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Meet NYRA

Written by Katrina Moncure Feb 09, 2008

The following is a transcript of this video.

Politicians and public interest groups are always looking to protect youth. They have a long list of so-called bad guys that they believe are a danger to young people. Even if in all this, they ignore the very many actual dangers youth face every day. Maybe there are things they find much more important than the well-being of young citizens. But then, who’s going to help young people? Who really cares about them? I’ll tell you who.

That’s us! We’re the National Youth Rights Association, or NYRA for short. I’m Katrina Moncure, secretary of NYRA and board member. There I am holding my cat, Midnight.

Anyway, NYRA has many goals. We want to lower the voting age to 16. We want to lower the drinking age to 18. We want all youth curfew laws abolished. Those are our major goals, but we have lots of others, too.

How do we work toward the youth friendly world we envision? Sometimes it’s a rally. Sometimes it’s just little ways of raising awareness. Sometimes it’s media appearances. Sometimes it’s gathering local supporters and having a chapter meeting. Sometimes it’s meeting with the elected officials themselves. Sometimes it’s a table with information at an event. Sometimes it’s giving rousing speeches. And underneat it all, we’re an all-around great bunch!

We’ve done some great work! Stefan Muller successfully battled a Halloween curfew in his home town. Adam King campaigned tirelessly to get his school board to create a position for a student representative. Zack Feinberg of New Jersey is currently battling his school because they want to randomly drug test all students. Our Berkeley, CA chapter ralled relentlessly to get the voting age lowered to 16 in their town. Powerful brother-sister duo Alex and Natasha Hull-Richter of Orange County, CA have drummed support for a lower voting age in their local community and among politicians. Jason Kende and Ana Hevesi of New York City have been there to counter whatever anti-youth laws the city council considers, whether a curfew or a student cell phone ban. Fredrick Mutooni and his chapter in Passaic County, NJ have prevented a youth curfew ordinance in their area, as well as raising awareness at events. Our Washington DC chapter has worked against curfew extensions and nightclub bans, and we’ve done lots of good old fashioned tabling.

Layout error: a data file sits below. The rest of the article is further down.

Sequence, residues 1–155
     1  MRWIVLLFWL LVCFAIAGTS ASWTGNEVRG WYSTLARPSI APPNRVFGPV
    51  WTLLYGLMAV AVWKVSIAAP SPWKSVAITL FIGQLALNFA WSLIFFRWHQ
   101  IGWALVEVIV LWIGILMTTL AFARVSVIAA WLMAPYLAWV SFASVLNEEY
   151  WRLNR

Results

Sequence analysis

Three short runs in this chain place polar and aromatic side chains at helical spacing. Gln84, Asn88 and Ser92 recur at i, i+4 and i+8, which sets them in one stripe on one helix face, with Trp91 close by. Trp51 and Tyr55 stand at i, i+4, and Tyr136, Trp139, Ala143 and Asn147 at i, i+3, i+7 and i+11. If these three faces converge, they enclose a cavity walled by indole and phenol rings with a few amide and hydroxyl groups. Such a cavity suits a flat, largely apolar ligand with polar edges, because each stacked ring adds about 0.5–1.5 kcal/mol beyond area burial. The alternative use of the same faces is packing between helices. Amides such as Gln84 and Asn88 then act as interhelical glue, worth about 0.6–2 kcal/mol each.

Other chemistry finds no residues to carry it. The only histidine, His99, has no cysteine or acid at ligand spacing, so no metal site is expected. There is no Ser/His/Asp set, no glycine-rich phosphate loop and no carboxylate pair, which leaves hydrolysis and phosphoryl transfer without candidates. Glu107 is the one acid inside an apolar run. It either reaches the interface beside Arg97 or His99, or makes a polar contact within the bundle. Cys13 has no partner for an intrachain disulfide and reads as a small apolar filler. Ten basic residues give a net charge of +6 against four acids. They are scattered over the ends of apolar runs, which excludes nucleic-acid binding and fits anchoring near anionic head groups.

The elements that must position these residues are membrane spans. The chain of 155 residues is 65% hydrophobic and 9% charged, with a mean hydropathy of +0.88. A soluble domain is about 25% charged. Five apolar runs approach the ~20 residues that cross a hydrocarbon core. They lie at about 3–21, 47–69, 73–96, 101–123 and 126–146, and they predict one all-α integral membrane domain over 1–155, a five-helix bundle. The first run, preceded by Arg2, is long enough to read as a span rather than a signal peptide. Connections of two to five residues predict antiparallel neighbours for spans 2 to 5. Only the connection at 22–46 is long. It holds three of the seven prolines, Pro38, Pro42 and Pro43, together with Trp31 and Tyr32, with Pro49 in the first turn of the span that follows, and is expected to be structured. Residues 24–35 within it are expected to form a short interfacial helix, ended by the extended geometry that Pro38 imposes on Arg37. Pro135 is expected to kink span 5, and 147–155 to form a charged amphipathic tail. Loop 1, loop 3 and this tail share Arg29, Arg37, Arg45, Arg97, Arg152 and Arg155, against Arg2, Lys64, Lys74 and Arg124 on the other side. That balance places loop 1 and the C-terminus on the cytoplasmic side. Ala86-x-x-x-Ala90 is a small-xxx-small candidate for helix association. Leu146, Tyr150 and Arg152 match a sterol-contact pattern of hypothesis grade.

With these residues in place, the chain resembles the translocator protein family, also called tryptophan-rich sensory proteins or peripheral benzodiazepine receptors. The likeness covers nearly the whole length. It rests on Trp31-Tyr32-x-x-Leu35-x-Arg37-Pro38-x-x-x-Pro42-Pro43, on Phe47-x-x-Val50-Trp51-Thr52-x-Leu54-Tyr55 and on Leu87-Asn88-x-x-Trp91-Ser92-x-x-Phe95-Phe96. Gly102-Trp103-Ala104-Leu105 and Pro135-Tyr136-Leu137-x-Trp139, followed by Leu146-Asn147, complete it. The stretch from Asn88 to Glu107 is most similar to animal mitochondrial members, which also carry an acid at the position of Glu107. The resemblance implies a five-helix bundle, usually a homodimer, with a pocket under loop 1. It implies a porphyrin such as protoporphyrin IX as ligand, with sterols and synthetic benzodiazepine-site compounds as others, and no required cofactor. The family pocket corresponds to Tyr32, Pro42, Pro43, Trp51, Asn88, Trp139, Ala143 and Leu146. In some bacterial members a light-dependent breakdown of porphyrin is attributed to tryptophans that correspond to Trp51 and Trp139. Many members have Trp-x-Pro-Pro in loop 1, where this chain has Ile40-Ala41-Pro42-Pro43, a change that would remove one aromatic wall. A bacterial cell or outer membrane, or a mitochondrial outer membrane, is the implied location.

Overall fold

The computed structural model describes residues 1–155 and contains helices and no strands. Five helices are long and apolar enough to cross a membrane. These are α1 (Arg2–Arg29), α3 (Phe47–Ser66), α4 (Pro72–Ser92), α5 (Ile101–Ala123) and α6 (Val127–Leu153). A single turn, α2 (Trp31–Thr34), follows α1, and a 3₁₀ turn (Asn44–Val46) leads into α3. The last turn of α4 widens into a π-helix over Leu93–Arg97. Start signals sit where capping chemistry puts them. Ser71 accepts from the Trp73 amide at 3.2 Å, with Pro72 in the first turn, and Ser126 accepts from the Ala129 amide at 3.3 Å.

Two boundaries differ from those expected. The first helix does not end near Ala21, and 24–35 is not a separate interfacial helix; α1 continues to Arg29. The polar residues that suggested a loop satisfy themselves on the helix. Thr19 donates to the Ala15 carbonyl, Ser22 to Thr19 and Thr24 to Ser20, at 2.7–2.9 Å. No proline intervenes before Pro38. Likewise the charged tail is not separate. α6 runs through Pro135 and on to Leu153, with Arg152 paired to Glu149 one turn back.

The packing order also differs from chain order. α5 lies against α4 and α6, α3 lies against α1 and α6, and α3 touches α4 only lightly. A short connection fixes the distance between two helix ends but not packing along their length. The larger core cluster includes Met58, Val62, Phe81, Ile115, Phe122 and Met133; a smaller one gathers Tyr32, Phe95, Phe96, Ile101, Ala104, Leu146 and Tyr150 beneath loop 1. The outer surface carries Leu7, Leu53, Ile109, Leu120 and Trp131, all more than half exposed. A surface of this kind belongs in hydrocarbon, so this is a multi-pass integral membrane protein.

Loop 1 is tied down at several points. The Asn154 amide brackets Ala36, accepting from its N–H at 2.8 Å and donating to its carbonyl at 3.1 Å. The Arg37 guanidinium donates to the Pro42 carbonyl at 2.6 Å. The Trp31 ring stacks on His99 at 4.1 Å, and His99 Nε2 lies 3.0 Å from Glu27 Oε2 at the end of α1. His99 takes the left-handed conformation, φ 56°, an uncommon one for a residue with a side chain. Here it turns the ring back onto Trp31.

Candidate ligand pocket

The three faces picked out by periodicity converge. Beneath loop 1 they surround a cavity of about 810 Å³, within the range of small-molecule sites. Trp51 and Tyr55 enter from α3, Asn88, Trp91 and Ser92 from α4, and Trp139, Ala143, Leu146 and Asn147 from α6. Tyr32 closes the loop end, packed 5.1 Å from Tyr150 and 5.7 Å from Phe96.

Our headquarters is a nice little office in Washington, DC. It is the workplace of our benevolent executive director, Alex Koroknay-Palicz. Alex does it all! He has appeared on television supporting us many times, as well as on radio shows. He writes the annual report every year, and gives an inspiring speech at the annual meeting. But he’s not without his fun side, of course!

Wait. Why do we do all this? Don’t youth have rights? Aren’t restrictions for their protection?

Robert Bertoniere served in the US army in Afghanistan, having enlisted and risked his life to defend the nation he loves. But not long after he came home, he was cited for underage drinking.

Dozens of teenagers have been killed in abusive unregulated behavior modification facilities around the country, having been beaten, starved, raped, overexhausted, and left without proper medical care. This would not happen to adults because of the constitutional amendments against cruel and unusual punishment and conviction without a trial, but because they are not old enough to vote, society is okay with them suffering horrible deaths or, if they survived, being traumatized for life.